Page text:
• Under Hospice you will receive a host of services including: physician and nursing, medical equipment (hospital bed, wheelchair, walker, beside commode, lift, etc), drugs for symptom control and pain, homemaker services, therapy, social worker, dietary counseling, grief counseling, massage therapy, short term inpatient care if needed for pain and symptom management and short term respite care.
  • Once Hospice Care has been selected, the following costs will NO LONGER be covered under Medicare:  treatments intended to cure the terminal illness, drugs intended to cure the illness, care from any provider that wasn't established by the hospice team, room and board, care in an emergency room or ambulance, inpatient facility unless it has been set up by your hospice team.

Seeking hospice and palliative care isn't about giving up hope.  It's really about finding the appropriate level of care in one's final weeks or months.  For many, the comfort of home and spending time with loved ones is desired over the cold, sterile setting of a hospital room.  If you have made the decision to transition to hospice care and need information regarding In-Home care services, please contact Easy Living Services at 770-442-8664. We are here to help!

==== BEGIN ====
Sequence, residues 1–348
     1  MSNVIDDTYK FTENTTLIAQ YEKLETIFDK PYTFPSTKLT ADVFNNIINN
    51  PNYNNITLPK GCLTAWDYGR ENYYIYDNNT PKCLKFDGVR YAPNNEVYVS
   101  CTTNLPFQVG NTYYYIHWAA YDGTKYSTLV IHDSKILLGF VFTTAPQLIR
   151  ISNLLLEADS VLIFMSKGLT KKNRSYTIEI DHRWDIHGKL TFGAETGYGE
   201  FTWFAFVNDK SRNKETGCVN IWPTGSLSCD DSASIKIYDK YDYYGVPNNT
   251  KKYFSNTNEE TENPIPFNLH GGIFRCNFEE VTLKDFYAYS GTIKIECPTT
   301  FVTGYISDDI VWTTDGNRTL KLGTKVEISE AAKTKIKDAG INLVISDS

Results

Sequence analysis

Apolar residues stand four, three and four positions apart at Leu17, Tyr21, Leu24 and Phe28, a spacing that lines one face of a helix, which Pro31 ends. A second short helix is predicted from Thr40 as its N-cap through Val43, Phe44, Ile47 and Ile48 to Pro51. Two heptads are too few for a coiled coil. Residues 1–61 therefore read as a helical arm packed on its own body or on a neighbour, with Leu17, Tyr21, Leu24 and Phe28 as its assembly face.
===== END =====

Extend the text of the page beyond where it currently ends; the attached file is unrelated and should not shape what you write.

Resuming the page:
Atlanta Caregivers

Topics: In Home Care, Atlanta Home Care, Hospice, Caregiver Support

Confessions of a Professional Caregiver

Posted by Jill Troman on Mar 14, 2014 10:36:00 AM

We thought it might be interesting to interview several of our seasoned In-Home Caregivers and get the "lowdown" on what it's really like to care for an elderly person or disabled adult at home.  What do they love about the job?  What are their gripes?  What do they really want clients and their families to know?

 Confessions of a Professional Caregiver

Here's what some of our professional caregivers had to say on some "hot topics"...

What do you enjoy most about In-Home Caregiving?

Caregivers were unanimous in their preference for caring for an individual in a home environment over an institutional setting.  All expressed satisfaction in cultivating a relationship with their client and his or her family.  "The job is simply more personal and rewarding".  Caregivers also appreciate the slower pace of homecare when compared with the sometimes frantic pace of hospitals or assisted living facilities where nursing assistants frequently assist numerous patients. Caregivers reported that they felt a higher level of satisfaction because they felt they played a key role in their client's quality of life.